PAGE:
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Social Issues
This Entrepreneur Collects Goods For Recycling, And Donates 25 Per Cent Of Profits To Help Homeless
January 30, 2013
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Fair warning: this story might make you feel a little bit bad about yourself. After all, you probably didn't start a recycling business when you were seven years old, and get called in front of your city council to talk about it when you were ten, unlike this kid, who did both of those things.

Three years ago on Earth Day, seven-year-old Vanis Buckholz's elementary school class in Corona del Mar, California learned about how important recycling is. He went home and told his parents that he wanted to help people in his community recycle more often.


To that end, he got on his bike and started collecting recyclable goods that people had thrown away. He called his fledgling business My ReCycler.

"The idea for my business came from 'cycling' and riding my scooter around town picking up trash on our beach, streets and parks then hauling it home to recycle," Vanis says on his website. "My mom and dad taught me to never pollute so picking up trash was something we always did but now it's a part of the business."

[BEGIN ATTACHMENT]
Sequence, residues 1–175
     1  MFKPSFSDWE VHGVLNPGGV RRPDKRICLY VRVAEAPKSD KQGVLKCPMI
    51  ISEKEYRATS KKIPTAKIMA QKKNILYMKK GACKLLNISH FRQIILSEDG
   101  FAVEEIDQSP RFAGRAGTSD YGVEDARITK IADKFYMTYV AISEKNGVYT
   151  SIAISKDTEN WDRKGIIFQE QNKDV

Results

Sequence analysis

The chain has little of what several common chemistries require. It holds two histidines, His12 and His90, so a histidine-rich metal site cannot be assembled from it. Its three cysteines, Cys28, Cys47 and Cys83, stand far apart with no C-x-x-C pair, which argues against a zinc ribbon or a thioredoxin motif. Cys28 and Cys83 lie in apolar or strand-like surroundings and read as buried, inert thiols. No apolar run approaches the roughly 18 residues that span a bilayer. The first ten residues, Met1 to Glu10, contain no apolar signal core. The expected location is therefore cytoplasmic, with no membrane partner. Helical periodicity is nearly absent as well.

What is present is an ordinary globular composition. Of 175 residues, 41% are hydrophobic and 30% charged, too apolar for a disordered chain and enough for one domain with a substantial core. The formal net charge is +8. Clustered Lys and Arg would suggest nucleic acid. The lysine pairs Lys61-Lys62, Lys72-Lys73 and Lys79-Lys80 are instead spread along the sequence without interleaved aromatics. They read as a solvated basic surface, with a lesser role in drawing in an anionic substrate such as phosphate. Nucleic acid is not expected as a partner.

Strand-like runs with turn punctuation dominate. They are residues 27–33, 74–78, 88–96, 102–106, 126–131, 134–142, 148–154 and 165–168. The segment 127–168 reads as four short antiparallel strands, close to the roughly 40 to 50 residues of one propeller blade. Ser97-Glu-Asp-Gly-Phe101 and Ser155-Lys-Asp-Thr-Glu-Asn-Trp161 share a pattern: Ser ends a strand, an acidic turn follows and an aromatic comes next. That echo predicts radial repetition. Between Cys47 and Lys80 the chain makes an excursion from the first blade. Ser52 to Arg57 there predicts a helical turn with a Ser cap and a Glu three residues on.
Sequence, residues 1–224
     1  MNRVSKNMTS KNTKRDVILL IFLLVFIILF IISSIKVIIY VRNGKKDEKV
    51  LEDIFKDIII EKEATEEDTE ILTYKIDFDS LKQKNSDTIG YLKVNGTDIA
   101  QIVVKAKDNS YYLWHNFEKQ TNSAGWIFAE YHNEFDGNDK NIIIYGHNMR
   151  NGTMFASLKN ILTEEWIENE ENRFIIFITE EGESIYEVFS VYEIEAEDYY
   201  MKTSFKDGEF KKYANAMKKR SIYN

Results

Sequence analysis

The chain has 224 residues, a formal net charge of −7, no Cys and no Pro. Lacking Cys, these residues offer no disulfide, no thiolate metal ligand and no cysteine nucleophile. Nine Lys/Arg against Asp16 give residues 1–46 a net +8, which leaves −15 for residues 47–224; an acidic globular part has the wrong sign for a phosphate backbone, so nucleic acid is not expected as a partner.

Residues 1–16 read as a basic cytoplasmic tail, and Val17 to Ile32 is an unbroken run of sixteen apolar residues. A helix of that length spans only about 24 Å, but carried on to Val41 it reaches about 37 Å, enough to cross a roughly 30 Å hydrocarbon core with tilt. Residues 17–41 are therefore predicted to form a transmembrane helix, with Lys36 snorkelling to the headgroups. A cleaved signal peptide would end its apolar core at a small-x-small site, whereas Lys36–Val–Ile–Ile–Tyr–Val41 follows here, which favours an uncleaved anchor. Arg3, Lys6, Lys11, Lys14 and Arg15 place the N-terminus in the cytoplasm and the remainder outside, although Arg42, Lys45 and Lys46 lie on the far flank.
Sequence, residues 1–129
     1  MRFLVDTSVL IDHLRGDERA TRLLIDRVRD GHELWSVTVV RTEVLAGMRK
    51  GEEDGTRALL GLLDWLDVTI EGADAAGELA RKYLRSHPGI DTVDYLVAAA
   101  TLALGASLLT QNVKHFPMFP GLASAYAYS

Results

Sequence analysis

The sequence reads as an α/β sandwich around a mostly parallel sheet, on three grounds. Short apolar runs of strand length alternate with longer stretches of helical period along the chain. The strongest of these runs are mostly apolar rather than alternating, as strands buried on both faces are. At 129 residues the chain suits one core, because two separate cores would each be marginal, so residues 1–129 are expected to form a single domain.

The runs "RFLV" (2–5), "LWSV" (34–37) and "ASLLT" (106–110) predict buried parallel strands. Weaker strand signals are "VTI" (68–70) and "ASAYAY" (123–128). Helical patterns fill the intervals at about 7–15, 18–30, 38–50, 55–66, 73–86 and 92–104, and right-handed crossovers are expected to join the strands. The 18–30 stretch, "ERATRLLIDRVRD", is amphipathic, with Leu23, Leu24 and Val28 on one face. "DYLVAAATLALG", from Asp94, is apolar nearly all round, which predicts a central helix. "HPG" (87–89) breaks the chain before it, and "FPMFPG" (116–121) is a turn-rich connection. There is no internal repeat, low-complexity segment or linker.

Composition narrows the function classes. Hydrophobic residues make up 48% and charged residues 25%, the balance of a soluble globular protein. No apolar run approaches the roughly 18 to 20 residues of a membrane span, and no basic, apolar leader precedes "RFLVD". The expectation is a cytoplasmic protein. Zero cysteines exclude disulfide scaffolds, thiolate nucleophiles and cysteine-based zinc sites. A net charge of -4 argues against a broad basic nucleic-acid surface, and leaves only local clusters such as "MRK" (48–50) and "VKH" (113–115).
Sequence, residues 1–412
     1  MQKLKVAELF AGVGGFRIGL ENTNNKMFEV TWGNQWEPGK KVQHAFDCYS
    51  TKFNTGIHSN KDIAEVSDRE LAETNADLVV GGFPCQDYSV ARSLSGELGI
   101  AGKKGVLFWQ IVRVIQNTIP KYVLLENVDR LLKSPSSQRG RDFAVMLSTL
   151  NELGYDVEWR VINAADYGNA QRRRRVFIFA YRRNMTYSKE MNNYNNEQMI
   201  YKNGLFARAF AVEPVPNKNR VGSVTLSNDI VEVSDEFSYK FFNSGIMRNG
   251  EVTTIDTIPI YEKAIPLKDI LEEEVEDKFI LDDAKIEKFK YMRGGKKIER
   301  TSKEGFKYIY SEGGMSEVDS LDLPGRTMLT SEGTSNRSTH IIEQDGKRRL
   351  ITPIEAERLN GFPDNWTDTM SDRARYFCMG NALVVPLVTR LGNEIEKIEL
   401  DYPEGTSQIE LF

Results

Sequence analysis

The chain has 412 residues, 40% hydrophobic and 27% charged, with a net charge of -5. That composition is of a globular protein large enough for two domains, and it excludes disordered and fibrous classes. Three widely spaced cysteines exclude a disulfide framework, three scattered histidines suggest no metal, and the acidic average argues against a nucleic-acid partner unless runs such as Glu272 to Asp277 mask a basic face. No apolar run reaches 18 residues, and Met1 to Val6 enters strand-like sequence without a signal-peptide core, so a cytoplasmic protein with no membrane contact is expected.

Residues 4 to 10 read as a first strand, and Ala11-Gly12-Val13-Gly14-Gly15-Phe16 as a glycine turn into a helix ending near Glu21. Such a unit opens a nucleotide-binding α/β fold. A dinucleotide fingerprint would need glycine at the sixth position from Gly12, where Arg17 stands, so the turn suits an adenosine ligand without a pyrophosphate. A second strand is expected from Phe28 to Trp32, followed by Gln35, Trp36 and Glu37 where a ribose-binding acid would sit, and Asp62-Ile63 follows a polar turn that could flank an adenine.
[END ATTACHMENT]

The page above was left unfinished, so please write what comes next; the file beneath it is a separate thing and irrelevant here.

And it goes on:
He's been in business for three years so far. Vanis is ten now, and a few days ago he was honoured by the Newport Beach California City Council, who invited him to address a meeting and explain what he does.

Check out video of his presentation below:

In his introduction, Mayor Keith Curry says "Newport Beach is the home of some great entrepreneurs, and the one tonight is a particularly young, but I think outstanding entrepreneur."

And how's this for outstanding: Vanis' business is profitable, and he's decided to donate a portion of his profits to Project Hope Alliance, an organization that works to end homelessness among children in Orange County, California.

Vanis donates 25 per cent of everything he makes to the Alliance.

A statement on their website says that Vanis "knows that every child in Orange County deserves an education and a safe place to call home. Vanis is doing his part to make that a reality for the 28,000 homeless children in Orange County. Kids matter. Thank you Vanis for being you."

Via Grist


Beautifying Cities, Protecting Birds: Artist Turns Recycled Materials Into Colourful Birdhouses

In Vancouver's Push To Be The World's Greenest City, It's Now Using Recycled Plastic In Road Asphalt

An ATM Machine For Recycling Old Gadgets


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